2. Start personal projects: This one is especially beneficial if your workplace did not already provide you with one. Projects, such as building a website, or doing some volunteering work will reward you with refined personal values, such as learning the meaning of teamwork, how to meet deadlines, and how to handle feedback for your work. All are major traits for a successful career.

Advertising

3. Make connections: It is well known that connections are an undeniable plus when it comes to either career or personal development. All you need to do is just to go out there and meet people! You can even schedule after-work get-togethers with your co-workers.

All of these are just a small sample of what’s in store for you. Think outside the box and follow your passions!

It’s that easy.

More by this author

Warning Signs That Your Body Desperately Needs More Water How You Spend The One Hour After Work Is What Determines Your Success 6 Things I Am Too Old For (But That Means I’ve Matured) 3-Day Detox Plan To Remove Fat And Excess Water In Your Body 6 Signs You’re A Strong Person With Heightened Sensitivity

Trending in Productivity

1 15 Best Organizing Tips For Office Organization and Getting More Done 2 50 Motivational Quotes for Work to Inspire Success 3 How to Take Notes Effectively: Powerful Note-Taking Techniques 4 15 Inspiring Journal Ideas to Set You up for Success 5 11 Organizational Skills That Every Smart Leader Needs

Read Next

Advertising
Advertising
Advertising

Last Updated on September 18, 2019

15 Best Organizing Tips For Office Organization and Getting More Done

15 Best Organizing Tips For Office Organization and Getting More Done

You may think that you don’t have time for office organization, but if you really knew how much time that disorganization cost you, you’d reconsider.

Rearranging and moving piles occasionally doesn’t count. Neither does clearing off your desk, if you swipe the mess into a bin, or a desk drawer.

A relatively neat and orderly office space clears the way for higher productivity and less wasted time.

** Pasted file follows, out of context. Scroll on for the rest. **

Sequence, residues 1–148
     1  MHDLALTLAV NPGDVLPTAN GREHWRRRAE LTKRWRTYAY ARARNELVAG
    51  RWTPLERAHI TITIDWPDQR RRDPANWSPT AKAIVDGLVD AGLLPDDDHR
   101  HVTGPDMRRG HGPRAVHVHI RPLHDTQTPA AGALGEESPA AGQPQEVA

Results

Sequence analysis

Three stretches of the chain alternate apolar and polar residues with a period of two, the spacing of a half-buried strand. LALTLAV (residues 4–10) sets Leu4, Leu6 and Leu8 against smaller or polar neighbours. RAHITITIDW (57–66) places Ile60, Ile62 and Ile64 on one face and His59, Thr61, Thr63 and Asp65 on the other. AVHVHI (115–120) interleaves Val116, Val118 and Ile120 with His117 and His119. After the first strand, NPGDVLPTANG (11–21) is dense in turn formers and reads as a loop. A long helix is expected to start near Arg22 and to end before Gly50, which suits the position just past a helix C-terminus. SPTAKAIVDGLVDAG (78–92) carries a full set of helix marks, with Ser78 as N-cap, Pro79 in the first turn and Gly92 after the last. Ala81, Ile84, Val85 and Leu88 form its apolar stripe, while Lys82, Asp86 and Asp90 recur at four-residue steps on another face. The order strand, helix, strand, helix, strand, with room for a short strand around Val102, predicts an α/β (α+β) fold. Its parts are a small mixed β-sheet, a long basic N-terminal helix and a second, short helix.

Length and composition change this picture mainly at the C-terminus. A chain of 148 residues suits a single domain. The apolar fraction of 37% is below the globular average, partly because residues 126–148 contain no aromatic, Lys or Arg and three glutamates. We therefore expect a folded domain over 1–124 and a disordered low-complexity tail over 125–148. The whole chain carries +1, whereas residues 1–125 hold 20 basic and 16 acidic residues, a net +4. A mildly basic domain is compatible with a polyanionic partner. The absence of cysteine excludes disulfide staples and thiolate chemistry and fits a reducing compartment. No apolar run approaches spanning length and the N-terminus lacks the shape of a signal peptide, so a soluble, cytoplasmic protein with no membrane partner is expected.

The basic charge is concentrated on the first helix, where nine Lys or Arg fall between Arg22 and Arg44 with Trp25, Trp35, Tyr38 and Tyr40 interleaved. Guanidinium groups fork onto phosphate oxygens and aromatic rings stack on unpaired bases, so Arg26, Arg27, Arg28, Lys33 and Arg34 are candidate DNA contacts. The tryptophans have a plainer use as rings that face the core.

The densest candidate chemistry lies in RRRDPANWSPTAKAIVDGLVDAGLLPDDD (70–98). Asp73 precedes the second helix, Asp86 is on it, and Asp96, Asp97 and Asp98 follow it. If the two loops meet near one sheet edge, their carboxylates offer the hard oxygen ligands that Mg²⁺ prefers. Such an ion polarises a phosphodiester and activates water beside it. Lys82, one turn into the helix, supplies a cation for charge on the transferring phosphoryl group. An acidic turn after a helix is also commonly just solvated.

Organizing your office doesn’t have to take days, it can be done a little at a time. In fact, maintaining an organized office is much more effective if you treat it like an on-going project, instead of a massive assault.

So, if you’re ready to get started, the following organizing tips will help you transform your office into an efficient workspace.

1. Purge Your Office

De-clutter, empty, shred, get rid of everything that you don’t need or want. Look around. What haven’t you used in a while?

Take one area at a time. If it doesn’t work, send it out for repair or toss it. If you haven’t used it in months and can’t think of when you’ll actually need it, out it goes. This goes for furniture, equipment, supplies, etc.

Advertising

Don’t forget about knick-knacks, plants (real or artificial), and decorations – if they’re covered with dust and make your office look shabby, they’re fair game.

2. Gather and Redistribute

Gather up every item that isn’t where it belongs and put it where it does.

3. Establish Work “Zones”

Decide what type of activity happens in each area of your office. You’ll probably have a main workspace (most likely your desk,) a reference area (filing cabinet, shelves, binders,) and a supply area (closet, shelves or drawers.)

Place the appropriate equipment and supplies are located in the proper area as much as possible.

4. Close Proximity

Position the equipment and supplies that you use most within reach. Things that you rarely use can be stored or put away.

5. Get a Good Labeler

Choose a label maker that’s simple to use. Take the time to label shelves, bins, baskets drawers. Not only will it remind you where things go, but it will also help others who may have a need to find, use, or put away anything in your workspace.

6. Revise Your Filing System

As we move fully into the digital age, the need to store paper files has decreased.

Advertising

What can your store digitally? Are you duplicating files? You may be able to eliminate some of the files and folders you’ve used in the past. If you’re storing files on your computer, make sure you are doing regular back-ups.